A system dynamics-based simulation study for managing clinical governance and pathways in a hospital

Maliapen, M and Dangerfield, BC 2010, 'A system dynamics-based simulation study for managing clinical governance and pathways in a hospital' , Journal of the Operational Research Society, 61 (2) , pp. 255-264.

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This paper examines the development of clinical pathways in a hospital in Australia based on empirical clinical data of patient episodes. A system dynamics (SD)-based decision support system (DSS) is developed and analyzed for this purpose. System dynamics was used as the simulation modeling tool because of its rigorous approach in capturing interrelationships among variables and in handling dynamic aspects of the system behavior in managing healthcare. The study highlights the scenarios that will help hospital administrators to redistribute caseloads amongst admitting clinicians with a focus on multiple Diagnostic Related Groups (DRG’s) as the means to improve the patient turnaround and hospital throughput without compromising quality patient care. DRG’s are the best known classification system used in a casemix funding model. The classification system groups inpatient stays into clinically meaningful categories of similar levels of complexity that consume similar amounts of resources. Policy explorations reveal various combinations of the dominant policies that hospital management can adopt. The analyses act as a scratch pad for the executives as they understand what can be feasibly achieved by the implementation of clinical pathways given a number of constraints. With the use of visual interfaces, executives can manipulate the DSS to test various scenarios. Experimental evidence based on focus groups demonstrated that the DSS can enhance group learning processes and improve decision making. The simulation model findings support recent studies of CP implementation on various DRG’s published in the medical literature. These studies showed substantial reductions in length of stay, costs and resource utilization.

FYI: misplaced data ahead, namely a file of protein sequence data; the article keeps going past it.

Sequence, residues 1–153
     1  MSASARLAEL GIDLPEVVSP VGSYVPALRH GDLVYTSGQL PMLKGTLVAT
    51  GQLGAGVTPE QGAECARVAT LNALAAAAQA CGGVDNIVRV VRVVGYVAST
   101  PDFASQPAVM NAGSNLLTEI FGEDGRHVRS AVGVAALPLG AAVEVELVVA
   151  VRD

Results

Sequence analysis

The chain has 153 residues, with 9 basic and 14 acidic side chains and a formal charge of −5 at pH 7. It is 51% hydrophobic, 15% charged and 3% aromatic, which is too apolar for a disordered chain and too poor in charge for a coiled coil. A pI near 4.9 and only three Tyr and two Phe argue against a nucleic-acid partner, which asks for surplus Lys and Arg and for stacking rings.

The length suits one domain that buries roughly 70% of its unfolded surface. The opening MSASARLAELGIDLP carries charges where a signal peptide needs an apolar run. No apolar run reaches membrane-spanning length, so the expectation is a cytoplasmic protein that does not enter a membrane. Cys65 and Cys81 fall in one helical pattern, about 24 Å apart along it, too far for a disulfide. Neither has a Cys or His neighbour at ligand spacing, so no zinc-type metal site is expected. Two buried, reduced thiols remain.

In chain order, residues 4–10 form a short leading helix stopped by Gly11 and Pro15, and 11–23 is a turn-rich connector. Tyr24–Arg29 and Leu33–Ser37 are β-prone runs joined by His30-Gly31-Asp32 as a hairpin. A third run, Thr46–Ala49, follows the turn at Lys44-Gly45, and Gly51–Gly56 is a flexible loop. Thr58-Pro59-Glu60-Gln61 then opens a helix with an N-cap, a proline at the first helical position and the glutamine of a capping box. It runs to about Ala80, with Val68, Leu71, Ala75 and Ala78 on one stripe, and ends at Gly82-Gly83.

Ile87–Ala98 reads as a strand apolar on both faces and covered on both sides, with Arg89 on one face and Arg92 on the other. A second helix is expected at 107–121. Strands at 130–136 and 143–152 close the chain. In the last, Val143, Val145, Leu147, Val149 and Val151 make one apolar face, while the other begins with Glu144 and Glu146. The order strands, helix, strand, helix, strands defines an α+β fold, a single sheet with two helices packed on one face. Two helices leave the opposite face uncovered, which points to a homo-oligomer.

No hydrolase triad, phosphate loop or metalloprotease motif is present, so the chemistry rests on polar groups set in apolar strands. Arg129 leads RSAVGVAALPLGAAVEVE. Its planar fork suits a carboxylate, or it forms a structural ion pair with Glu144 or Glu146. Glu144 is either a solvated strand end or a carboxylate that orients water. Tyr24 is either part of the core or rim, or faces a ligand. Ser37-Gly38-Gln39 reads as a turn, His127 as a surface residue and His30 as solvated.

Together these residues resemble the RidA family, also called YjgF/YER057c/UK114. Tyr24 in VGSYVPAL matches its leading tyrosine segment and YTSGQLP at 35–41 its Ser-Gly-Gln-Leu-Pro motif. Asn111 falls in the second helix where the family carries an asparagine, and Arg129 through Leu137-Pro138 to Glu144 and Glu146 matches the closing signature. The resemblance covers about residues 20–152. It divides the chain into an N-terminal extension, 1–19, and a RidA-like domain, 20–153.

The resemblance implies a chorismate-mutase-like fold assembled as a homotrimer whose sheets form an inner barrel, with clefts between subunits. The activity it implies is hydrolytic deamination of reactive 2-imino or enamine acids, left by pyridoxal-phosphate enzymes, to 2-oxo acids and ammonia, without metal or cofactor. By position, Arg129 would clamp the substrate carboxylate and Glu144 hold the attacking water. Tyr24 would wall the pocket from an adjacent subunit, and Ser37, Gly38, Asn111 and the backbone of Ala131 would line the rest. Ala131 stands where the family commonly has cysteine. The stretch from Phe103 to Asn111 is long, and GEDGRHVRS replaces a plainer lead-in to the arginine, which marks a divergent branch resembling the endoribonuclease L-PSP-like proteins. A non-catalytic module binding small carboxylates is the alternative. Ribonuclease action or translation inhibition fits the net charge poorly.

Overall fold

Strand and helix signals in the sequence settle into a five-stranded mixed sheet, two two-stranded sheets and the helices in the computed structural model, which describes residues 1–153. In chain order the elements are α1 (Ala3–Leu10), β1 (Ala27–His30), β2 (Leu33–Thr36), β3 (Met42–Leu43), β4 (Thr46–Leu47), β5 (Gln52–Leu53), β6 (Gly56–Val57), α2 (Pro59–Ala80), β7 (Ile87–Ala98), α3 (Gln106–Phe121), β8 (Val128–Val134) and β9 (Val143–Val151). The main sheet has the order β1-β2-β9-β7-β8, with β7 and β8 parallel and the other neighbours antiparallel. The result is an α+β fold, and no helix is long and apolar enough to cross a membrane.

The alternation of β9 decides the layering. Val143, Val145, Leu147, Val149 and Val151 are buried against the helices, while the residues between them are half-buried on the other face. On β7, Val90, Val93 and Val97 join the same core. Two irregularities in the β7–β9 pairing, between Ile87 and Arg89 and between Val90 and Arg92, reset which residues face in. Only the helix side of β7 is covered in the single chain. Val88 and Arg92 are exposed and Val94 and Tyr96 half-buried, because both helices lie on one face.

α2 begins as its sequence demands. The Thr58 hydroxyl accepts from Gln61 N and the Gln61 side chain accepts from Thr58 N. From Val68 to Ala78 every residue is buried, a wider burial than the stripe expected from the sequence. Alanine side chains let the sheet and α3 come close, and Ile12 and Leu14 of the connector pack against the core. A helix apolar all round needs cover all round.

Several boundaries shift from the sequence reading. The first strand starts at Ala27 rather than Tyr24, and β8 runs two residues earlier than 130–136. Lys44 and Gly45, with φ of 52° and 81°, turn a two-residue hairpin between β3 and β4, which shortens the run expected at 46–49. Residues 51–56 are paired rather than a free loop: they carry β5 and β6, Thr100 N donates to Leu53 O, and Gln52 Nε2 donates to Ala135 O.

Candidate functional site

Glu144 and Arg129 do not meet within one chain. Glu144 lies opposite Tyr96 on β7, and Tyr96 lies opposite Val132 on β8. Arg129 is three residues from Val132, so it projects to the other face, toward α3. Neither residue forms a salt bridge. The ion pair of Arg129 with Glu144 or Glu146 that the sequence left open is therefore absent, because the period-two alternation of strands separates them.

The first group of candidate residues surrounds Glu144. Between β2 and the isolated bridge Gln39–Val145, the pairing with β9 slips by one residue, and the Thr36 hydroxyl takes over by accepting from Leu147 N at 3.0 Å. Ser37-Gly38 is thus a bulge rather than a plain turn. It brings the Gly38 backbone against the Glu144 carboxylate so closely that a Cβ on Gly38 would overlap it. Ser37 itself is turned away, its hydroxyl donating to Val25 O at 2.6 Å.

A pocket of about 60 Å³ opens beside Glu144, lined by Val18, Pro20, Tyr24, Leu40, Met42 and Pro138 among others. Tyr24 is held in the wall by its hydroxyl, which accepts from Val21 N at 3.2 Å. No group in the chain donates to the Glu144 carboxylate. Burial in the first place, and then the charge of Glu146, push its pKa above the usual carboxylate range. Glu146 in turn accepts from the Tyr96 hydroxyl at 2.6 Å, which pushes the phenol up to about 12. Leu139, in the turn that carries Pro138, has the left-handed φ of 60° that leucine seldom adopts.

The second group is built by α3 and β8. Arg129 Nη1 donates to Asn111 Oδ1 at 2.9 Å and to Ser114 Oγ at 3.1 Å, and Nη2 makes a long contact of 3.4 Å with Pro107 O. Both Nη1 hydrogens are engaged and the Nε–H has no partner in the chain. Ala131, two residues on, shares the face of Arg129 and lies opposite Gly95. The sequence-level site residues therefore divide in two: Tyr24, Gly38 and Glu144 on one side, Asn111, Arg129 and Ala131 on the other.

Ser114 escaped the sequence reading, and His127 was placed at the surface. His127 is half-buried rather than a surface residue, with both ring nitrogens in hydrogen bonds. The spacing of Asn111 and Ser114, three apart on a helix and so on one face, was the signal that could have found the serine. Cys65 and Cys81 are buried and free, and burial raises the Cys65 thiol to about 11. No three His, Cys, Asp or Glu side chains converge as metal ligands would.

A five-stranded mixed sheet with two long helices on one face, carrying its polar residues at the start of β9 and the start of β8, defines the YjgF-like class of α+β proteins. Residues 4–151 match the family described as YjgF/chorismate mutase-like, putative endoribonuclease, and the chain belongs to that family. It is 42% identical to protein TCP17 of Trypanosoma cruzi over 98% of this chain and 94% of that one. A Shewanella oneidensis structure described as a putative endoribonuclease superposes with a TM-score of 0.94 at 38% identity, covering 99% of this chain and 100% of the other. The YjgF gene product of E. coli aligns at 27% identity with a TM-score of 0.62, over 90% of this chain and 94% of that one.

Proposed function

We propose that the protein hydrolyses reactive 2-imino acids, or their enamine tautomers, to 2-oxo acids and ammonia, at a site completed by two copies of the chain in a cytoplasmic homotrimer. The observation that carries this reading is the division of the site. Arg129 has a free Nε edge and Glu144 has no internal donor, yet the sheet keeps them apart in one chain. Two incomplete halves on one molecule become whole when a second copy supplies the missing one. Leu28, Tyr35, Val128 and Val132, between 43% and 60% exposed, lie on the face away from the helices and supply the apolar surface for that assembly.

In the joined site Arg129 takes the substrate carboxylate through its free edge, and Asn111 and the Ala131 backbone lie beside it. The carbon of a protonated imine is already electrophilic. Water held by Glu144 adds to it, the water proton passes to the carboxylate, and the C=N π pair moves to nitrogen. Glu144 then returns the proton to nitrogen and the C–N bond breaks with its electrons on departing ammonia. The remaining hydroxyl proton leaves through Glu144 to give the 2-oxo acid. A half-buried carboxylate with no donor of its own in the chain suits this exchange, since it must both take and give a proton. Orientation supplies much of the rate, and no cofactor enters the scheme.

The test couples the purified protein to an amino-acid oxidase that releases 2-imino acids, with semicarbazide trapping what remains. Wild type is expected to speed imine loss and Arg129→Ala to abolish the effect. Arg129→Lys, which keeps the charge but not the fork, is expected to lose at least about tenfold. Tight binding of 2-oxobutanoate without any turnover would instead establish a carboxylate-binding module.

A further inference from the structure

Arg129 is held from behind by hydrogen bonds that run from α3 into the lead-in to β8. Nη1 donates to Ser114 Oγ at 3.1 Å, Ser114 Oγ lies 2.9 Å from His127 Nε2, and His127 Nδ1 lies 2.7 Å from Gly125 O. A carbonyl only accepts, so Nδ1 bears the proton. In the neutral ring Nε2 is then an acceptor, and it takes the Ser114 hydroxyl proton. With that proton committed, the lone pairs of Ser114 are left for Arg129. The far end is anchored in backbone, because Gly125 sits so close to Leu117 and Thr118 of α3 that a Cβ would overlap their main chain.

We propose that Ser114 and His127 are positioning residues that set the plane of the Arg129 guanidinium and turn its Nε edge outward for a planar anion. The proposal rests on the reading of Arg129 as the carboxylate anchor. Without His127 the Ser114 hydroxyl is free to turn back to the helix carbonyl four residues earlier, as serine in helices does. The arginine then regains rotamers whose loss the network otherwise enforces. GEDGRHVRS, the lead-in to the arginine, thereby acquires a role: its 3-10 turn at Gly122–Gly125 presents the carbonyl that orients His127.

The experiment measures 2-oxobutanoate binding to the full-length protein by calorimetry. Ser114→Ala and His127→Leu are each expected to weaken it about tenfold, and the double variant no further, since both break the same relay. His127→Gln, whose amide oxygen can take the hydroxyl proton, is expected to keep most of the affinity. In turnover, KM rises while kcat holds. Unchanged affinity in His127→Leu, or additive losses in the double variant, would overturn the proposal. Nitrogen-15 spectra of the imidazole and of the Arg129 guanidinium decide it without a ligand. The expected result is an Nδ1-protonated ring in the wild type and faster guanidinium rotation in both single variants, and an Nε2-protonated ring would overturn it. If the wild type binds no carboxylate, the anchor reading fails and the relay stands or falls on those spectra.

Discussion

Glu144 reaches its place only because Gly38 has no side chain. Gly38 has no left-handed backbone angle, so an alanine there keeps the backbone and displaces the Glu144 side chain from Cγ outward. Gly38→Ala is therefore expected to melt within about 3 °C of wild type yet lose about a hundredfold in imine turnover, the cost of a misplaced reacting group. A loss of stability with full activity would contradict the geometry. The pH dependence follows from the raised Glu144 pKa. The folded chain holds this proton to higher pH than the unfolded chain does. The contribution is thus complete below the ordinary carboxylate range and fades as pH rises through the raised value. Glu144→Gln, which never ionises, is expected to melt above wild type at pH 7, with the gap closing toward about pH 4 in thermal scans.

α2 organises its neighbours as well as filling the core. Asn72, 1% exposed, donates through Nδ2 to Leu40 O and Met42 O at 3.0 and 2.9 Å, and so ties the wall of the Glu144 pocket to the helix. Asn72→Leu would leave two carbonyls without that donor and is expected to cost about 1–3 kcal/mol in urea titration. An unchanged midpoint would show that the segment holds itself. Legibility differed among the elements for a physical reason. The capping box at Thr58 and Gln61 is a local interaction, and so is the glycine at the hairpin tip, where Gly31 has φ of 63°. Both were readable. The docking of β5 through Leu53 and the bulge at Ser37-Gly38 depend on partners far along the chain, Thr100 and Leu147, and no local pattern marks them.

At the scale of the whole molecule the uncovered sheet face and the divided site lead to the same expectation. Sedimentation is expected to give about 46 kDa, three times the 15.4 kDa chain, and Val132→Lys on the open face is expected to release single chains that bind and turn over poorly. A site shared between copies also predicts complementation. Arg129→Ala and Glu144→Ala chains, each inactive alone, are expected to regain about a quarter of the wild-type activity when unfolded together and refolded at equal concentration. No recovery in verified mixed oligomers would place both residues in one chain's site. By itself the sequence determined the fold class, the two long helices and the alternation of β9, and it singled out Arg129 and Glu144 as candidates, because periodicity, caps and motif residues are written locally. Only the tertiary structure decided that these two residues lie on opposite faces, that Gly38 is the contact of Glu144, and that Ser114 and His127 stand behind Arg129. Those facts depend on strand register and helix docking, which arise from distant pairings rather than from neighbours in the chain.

Item Type: Article
Themes: Health and Wellbeing
Schools: Schools > Salford Business School > Salford Business School Research Centre
Journal or Publication Title: Journal of the Operational Research Society
Publisher: Palgrave Macmillan
Refereed: Yes
ISSN: 0160-5682
Depositing User: BC Dangerfield
Date Deposited: 04 Oct 2011 11:55
Last Modified: 16 Feb 2022 12:32
URI: https://usir.salford.ac.uk/id/eprint/17830

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